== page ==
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Department of Homeland Security IMMIGRATION AND CUSTOMS ENFORCEMENT DETAINEE IDENTIFICATION CARD Name of Facility OAK-132-2 A # A202119 Name Miguel //// DOB 12.3.1985 Country of Origin Mexico
CONTINUE

DETAINED

How the United States created the largest immigrant detention system in the world.

FILED 1:30 a.m.
09.24.2019

Children sleeping on floors, changing other children’s diapers. Families torn apart at the border. Migrants crammed into fetid detention centers. These have become familiar sights as people fleeing gang violence, domestic abuse and poverty arrive on the southern border of the United States. Many will join more than 52,000 immigrants confined in jails, prisons, tents and other forms of detention—most of them for profit.

The United States' reliance on immigrant detention is not a new phenomenon, nor did it emerge with President Donald Trump (though its growth under his administration is staggering). Over the last four decades, a series of emergency stopgaps and bipartisan deals has created a new multi-billion dollar industry built on the incarceration of immigrants.

The people held in prison-like facilities across the country are not serving time for a crime. They’re waiting for a hearing to determine whether they can legally remain in the country while being kept in what is considered “civil detention,” intended to ensure that people show up for those hearings. Detention, once reserved only for those who threatened public safety or posed a flight risk, is now ubiquitous.

Immigrants, including asylum seekers and legal migrants, wait an average of more than four weeks to be released, though some have been held inside for years or even decades. Up to 2,500 are children and parents fleeing war and violence in their home countries. Thousands have alleged sexual and physical abuse inside the facilities.

Forty years ago, this system did not exist.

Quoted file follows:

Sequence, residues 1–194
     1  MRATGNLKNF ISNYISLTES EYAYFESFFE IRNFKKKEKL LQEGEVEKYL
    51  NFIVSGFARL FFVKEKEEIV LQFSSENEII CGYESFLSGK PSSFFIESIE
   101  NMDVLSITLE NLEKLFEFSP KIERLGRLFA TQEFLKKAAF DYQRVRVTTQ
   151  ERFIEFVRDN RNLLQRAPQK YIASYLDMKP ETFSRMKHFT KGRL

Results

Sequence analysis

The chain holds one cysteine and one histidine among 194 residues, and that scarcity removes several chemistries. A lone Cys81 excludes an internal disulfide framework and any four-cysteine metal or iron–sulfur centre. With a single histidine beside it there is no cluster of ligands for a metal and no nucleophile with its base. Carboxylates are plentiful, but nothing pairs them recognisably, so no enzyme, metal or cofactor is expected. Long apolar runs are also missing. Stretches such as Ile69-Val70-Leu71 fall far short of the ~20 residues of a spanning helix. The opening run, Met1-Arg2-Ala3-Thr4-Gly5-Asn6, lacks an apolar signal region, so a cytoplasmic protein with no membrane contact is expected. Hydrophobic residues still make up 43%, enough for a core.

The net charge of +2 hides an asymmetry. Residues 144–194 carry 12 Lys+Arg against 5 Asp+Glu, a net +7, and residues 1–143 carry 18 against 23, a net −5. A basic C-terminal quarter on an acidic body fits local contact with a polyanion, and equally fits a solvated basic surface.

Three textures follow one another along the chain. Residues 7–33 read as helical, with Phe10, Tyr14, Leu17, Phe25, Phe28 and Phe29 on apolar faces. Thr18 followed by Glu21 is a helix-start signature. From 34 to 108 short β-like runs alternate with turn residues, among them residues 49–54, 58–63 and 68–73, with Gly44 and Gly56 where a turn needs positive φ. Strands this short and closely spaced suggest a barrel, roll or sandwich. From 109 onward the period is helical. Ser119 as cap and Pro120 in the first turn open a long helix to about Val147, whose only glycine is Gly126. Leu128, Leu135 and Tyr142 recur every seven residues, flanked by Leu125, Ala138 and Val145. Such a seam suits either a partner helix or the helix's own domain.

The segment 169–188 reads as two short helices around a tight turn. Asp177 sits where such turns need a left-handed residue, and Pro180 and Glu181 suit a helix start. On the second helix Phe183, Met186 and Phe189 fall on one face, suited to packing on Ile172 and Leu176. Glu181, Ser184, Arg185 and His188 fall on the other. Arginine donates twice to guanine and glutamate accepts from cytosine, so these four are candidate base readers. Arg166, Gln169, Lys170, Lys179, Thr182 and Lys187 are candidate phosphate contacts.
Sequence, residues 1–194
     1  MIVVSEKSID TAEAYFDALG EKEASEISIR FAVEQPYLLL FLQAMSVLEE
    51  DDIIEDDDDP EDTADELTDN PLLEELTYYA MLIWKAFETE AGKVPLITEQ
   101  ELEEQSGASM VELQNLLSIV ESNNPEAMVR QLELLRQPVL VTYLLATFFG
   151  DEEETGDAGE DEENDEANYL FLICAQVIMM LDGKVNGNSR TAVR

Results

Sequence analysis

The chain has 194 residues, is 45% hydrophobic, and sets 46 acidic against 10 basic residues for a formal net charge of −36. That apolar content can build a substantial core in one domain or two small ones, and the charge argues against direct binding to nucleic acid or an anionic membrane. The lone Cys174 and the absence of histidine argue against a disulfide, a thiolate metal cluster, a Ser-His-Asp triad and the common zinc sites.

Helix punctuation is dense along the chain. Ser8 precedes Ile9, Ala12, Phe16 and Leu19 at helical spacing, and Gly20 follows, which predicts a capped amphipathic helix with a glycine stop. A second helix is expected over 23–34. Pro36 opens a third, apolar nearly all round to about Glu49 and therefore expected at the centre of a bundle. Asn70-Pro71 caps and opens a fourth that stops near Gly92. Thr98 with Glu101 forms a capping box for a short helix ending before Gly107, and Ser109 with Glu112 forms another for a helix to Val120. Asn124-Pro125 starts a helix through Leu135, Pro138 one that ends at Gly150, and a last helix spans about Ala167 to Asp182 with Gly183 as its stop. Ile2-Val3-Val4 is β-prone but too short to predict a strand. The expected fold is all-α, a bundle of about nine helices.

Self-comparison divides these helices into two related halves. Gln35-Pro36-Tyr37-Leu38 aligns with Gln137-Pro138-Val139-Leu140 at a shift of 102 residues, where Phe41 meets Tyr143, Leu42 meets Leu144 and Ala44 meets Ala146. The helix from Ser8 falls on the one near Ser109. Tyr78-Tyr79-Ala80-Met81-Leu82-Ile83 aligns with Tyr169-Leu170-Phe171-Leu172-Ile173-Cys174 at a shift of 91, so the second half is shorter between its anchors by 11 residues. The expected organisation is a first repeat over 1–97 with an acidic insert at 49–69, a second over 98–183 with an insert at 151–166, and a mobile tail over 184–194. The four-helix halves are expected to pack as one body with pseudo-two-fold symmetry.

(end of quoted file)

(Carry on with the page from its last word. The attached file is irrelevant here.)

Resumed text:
Part i.
Shifting Tides

The Guard

As Reagan’s policies took shape, inside detention facilities there was little regulation, poor conditions and frequent allegations of abuse. During these years, Tony Hefner was a guard at Bayview Detention Center in Texas, one of the first immigrant detention centers in the country.

A modest system holding fewer than 3,000 migrants a day at the end of the 1970s, detention has now morphed into a sprawling machinery ensnaring immigrants across the country. And facilities operated under both Immigration and Customs Enforcement (ICE) and the Border Patrol continue to come under fire for holding people in squalid conditions with minimal access to hygiene and medical care.

Growth of Detention: Fiscal Years 1979 - 2019

The number of people held on an average day by ICE and its predecessor, the Immigration and Naturalization Service, has grown more than twentyfold since 1979.

1979
1980
1981
1982
1983
1984
1985
1986
1987
1988
1989
1990
1991
1992
1993
1994
1995
1996
1997
1998
1999
2000
2001
2002
2003
2004
2005
2006
2007
2008
2009
2010
2011
2012
2013
2014
2015
2016
2017
2018
2019
Average daily population
0
0
50k
Detained annually
0
0
500k
Average days in detention
0
0
50
Source: INS, ICE. Note: Some categories were unavailable from 1997 through 2000. Fiscal year 2019 figures current as of Sept. 10.
Part ii.
A New Machinery

While the population of people in detention has grown, so has the government budget to fund the beds to hold them. Billions of American taxpayer dollars are now allocated to support a system where for-profit companies hold the vast majority of immigrants. In fiscal year 2018, private prison companies like CoreCivic and GEO Group derived 25 percent and 20 percent of their profits respectively from ICE, which is now their biggest client. In the same year, ICE spent over $250 million on contracts with GEO Group and another $60 million with CoreCivic.

ICE also runs alternatives to detention programs, including electronic monitoring, phone check-ins and home visits. Over 98,373 people are currently on electronic monitoring, according to ICE. Where ICE pays several hundred dollars per person per day in detention, alternative programs cost an average of $4.42 a day.


Federal Spending on Detention

2010 - 2018
Fiscal year ICE custody operations appropriations
2010 $1.8 billion
2011 $1.8 billion
2012 $2.1 billion
2013 $2.0 billion
2014 $2.0 billion
2015 $2.5 billion
2016 $2.3 billion
2017 $2.7 billion